Thursday, November 7th, 2013
By Shelley Grieshop
Ohio Supreme Court hears case against former optometrist
  COLUMBUS - The Ohio Supreme Court on Wednesday was asked to rule whether jurors in 2011 had the right to convict former St. Marys optometrist Douglas Wine of a lesser crime than his indictment charge of rape.
The high court justices aren't expected to hand down a judgment in the case for several weeks. The issue could set precedent for other cases statewide.
The Supreme Court must decide if a criminal defendant is entitled to an all-or-nothing defense, and can prevent the court from instructing jurors to consider lesser-included offenses.      Auglaize County jurors during a trial in October 2011 found Wine, 53, guilty of gross sexual imposition for sexually assaulting a 69-year-old female relative while she slept in his home in 2009. The charge was reduced by an appeals court to sexual imposition, a misdemeanor that carries a maximum 60-day jail sentence and a $500 fine.
A sentencing date has not been set because of the pending appeal.
Although neither the prosecution or the defense requested it, Judge Frederick Pepple during the 2011 trial instructed jurors to consider a lesser-included felony (a less serious charge) than the indictment if evidence was inadequate to support the indictment charge of rape.
"What makes this case unique ... it (lesser-included offenses) was not requested by either party," Justice Maureen O'Connor noted during the 30-minute session Wednesday at the Moyer Judicial Center in Columbus. "Can this be viewed as the judge being impartial ... helping out the state's position?"
Wine's attorney, Lorin Zaner, replied that lesser-included instructions should not have been given to the jurors since neither side requested it. If the jury had been told to either convict or acquit his client on the rape charge, they would have chosen the latter, he said.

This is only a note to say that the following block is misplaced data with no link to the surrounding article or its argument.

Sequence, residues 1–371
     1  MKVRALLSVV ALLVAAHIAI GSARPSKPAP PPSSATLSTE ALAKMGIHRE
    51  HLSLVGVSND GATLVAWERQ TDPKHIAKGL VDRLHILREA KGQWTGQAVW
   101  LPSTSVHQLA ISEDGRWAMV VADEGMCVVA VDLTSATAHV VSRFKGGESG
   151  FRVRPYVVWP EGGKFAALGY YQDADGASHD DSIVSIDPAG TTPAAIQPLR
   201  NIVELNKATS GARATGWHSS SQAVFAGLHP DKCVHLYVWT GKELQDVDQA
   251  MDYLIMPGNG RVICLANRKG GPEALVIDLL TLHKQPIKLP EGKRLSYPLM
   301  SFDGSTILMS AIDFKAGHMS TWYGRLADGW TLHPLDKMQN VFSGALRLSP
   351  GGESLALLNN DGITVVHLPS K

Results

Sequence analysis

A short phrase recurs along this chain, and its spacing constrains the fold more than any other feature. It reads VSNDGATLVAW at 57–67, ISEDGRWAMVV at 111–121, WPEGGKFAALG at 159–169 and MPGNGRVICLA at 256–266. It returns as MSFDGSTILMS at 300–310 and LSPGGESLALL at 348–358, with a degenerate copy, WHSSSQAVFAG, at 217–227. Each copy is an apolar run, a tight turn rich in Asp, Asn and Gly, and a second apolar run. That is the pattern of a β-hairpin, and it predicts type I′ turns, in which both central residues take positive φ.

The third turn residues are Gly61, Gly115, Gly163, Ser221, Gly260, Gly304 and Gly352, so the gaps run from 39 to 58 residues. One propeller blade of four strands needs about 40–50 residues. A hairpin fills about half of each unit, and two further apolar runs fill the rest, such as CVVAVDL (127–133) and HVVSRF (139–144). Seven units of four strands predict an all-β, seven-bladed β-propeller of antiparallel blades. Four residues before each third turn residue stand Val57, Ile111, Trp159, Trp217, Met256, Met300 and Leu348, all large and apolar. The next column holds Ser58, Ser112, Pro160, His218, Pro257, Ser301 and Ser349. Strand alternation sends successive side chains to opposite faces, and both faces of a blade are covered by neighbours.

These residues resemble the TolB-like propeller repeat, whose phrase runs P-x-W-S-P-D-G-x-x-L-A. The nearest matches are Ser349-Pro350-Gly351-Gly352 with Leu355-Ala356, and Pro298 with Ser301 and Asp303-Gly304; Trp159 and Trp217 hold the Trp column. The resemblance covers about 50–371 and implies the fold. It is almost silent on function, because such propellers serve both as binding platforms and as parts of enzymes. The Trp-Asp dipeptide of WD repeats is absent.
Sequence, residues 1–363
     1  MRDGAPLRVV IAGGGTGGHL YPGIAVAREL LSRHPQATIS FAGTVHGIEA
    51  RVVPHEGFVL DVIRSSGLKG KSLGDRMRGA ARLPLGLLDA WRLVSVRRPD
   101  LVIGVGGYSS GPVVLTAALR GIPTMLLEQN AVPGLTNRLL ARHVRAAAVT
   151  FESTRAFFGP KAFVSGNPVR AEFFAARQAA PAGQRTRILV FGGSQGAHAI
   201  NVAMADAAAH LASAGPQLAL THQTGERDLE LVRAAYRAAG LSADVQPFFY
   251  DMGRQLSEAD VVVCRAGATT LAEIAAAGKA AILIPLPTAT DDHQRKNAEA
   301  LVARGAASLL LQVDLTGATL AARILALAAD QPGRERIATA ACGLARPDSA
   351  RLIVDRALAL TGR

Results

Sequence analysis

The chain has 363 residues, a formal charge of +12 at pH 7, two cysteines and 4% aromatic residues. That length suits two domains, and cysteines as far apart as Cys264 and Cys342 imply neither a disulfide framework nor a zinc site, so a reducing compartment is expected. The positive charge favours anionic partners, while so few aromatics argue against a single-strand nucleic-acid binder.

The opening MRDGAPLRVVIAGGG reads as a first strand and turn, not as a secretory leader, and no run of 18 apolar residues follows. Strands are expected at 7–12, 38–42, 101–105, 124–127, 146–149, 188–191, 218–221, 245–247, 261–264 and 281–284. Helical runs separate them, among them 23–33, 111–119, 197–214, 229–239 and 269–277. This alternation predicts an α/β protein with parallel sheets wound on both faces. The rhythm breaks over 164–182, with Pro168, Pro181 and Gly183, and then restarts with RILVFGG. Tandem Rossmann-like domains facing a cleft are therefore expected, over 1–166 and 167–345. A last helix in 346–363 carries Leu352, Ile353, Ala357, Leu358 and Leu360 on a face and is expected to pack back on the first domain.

"It allowed the jury to make a compromised decision," Zaner said. "Dr. Wine would have been acquitted, and that's what we're asking in this case."
Zaner contended the defendant has the right to decide if a jury can consider lesser-included offenses to reach a conviction.
"It's our position the defendant should be the one who decides how (he) wants to try the case," he said.
Justice Terrence O'Donnell quickly disagreed.
"It's not the defendant's case, it belongs to the parties and the court's in charge of that," he said. "Once the evidence is presented in the courtroom, doesn't the court have the obligation to ensure (jury) instructions that go to the jurors are in conformity with what the evidence is in the case, not what it could have been or might have been, but what it actually is? Isn't that the role of the judge?"
"The question," O'Donnell continued, "is does the state of Ohio ... have the right to ask the judge for lesser included instructions?"
Zaner said the state (prosecutor), the defendant and the court have that right, but agreed the final decision lies with the judge.
The state's oral argument was given by Auglaize County Prosecutor Ed Pierce and Eric Murphy, state solicitor for the Attorney General's office.
"We think the defendant's argument is unprecedented and conflicts with law and numerous cases in and out of Ohio," Murphy said.
Murphy and Pierce argued that local court judges by statute solely have the authority to decide whether lesser-included offenses can be considered by jurors.
"The statute does not provide anywhere that the right resides with the defendant," Murphy said.
O'Connor questioned whether the jury's consideration of a lesser crime could unfairly "surprise" a defendant and force a change of strategy during the trial.  
"Counsel knows (that all charges) include potential lesser included offenses," Murphy said. "An indictment puts you on notice of greater offenses and lesser included (offenses)."
Pierce, during his five-minute presentation, agreed with Murphy's analogy.
"Many times as a case proceeds, that evidence changes ... there are surprises that come up in trials," he said. "And that's why discretion is given to the trial judge to instruct based on that evidence."
Pierce began to detail the evidence in the local case to stress his point when O'Donnell interrupted him.
"Mr. Pierce, as you know we're not really concerned with the outcome of your case," he said. "We're going to write some law in this case that's going to apply to 730 judges across our state and the issue of when and how lesser-included are submitted and whether or not the defendant has a veto power is really our issue."
Both parties and the justices discussed case law that currently explains how lesser-included offenses weigh in during trials. O'Donnell asked Pierce if he believes the law needs corrected.
"I believe (it) has been misread ... It needs to be changed so it cannot be misinterpreted again, as in this case," Pierce said.
Wine, who is married and has three children, was stripped of his optometry license in April 2012 and remains out of jail on his own recognizance while the case is under appeal.
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